Free will: It used to be all my mom's fault, but now it's all my brain's fault?
Stephanie West Allen from Brains on Purpose points me to a "Battle of Ideas" seminar on FORA TV: My Brain Made Me Do It.
Quite honestly, I think that - apart from the high tech brain scanning - "my brain made me do it" is just this decade's version of the 1950s' psychiatrist's "it's all his mother's fault."
Neuroplasticity is a fact. We shape our brains through life by what we think about and how we think about it. I am not saying that everyone is in total control all the time, but that we must accept responsibility for a messy mind as we would for a messy house. And that includes the knowledge that we made it that way and that we can do something about it if we want to. And if we don't want to, we have made a choice.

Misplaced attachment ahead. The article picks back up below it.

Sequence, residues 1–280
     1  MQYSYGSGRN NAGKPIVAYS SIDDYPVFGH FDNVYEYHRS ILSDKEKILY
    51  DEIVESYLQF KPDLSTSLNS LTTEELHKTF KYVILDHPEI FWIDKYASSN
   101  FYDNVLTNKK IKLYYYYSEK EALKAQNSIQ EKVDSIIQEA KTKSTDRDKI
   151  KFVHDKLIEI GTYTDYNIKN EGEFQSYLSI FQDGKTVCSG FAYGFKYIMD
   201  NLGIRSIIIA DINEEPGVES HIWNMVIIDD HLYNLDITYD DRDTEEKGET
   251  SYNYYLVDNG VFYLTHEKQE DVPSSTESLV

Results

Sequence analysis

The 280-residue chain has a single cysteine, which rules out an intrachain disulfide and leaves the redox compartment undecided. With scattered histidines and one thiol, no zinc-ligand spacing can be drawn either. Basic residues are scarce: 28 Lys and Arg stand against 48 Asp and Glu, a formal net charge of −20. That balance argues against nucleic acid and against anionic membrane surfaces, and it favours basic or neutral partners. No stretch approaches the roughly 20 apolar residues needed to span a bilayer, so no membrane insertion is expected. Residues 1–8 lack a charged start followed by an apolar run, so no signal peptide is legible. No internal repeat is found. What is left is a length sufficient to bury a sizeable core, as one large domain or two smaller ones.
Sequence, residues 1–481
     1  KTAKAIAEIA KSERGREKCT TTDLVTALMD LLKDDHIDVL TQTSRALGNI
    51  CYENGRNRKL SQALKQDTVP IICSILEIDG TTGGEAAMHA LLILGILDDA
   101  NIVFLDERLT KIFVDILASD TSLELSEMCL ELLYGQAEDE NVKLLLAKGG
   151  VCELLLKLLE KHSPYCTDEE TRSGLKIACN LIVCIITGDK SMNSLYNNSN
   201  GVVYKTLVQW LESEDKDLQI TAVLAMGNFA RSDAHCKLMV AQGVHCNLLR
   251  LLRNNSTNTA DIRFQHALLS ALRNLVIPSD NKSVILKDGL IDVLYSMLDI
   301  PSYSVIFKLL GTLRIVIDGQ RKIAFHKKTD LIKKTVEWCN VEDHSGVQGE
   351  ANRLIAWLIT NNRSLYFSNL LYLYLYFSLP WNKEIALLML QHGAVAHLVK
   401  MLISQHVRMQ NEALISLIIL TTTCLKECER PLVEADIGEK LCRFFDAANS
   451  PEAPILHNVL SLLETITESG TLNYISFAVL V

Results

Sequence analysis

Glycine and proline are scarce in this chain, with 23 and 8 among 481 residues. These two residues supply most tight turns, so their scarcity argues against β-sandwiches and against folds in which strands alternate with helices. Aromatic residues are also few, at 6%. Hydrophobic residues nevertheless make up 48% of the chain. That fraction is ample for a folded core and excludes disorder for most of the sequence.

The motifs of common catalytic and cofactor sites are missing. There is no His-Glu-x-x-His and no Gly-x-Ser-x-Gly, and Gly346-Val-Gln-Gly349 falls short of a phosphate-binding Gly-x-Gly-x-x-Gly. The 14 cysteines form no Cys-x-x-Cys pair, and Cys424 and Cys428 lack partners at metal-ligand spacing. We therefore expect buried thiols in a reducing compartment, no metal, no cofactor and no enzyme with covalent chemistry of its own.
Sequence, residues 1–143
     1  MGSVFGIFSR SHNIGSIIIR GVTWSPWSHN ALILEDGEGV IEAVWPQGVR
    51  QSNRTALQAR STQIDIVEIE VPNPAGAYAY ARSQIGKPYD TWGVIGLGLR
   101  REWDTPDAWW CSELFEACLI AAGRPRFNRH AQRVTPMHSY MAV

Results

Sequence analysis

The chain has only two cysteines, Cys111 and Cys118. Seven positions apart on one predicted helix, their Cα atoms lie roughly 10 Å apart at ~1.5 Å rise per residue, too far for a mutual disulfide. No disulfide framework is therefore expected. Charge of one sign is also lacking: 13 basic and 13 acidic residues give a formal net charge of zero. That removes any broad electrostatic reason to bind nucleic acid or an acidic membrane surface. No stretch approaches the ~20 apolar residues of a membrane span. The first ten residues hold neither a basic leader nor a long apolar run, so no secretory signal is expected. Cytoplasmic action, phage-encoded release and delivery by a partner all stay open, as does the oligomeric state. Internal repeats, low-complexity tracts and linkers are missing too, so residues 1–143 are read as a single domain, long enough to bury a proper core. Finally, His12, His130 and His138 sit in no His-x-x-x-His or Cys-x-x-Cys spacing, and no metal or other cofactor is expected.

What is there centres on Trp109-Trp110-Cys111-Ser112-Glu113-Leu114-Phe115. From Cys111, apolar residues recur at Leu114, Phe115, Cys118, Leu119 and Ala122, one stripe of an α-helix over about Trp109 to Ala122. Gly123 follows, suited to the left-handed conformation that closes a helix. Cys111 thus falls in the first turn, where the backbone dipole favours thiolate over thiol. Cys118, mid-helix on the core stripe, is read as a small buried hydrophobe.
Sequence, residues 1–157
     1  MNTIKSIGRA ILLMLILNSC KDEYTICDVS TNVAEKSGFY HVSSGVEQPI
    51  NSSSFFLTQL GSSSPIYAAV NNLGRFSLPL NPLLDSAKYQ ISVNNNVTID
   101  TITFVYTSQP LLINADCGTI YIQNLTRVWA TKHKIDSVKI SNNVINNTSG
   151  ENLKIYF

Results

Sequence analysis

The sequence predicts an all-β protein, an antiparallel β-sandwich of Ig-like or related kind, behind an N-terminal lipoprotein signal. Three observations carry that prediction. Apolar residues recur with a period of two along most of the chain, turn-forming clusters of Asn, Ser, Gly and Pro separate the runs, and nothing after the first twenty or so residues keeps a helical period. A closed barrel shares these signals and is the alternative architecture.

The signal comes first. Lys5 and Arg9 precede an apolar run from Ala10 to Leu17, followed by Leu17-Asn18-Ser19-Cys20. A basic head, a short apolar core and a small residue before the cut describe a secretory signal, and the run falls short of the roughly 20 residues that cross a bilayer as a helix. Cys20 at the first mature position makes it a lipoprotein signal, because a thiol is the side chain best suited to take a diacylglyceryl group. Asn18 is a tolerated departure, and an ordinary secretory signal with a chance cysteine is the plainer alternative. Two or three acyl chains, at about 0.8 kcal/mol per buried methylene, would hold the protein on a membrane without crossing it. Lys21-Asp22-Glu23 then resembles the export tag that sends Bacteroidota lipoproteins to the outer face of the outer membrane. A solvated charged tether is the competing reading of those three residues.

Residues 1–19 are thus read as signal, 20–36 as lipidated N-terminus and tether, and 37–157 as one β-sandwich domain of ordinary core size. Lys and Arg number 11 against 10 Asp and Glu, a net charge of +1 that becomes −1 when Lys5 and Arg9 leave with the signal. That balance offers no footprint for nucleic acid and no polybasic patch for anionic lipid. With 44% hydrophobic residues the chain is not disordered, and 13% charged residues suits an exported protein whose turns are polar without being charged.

Here's a different view from cognitive scientist and artist Jim Davies:
Descartes's dichotomy of the non-material mind and the material brain still lingers on in our cultural understanding of psychology. One place I think it arises is in the "problem" of free will. Your brain determining how you react to an environment is not a troublesome notion if you think that the brain running your mind is all you are. People say "but my brain controls me!" As though the "me" were some spirit. Your "me" is just the software running on the brain. Your brain and mind determining what you do is your exercising of free will, at least in any meaningful sense of the term.
So, it is not so much that your brain made you do it as that there is no "you" to begin with. It's just software and hardware.
Davies thinks that anyone who would disagree with his materialist view must be a non-scientist, which would come as news to Mario Beauregard and Jeff Schwartz.
I think his view demonstrates the chief reason that the computer analogy for the human brain does not work. Software is a product of a human mind. It is not itself a mind. Minds produce software, but not the reverse.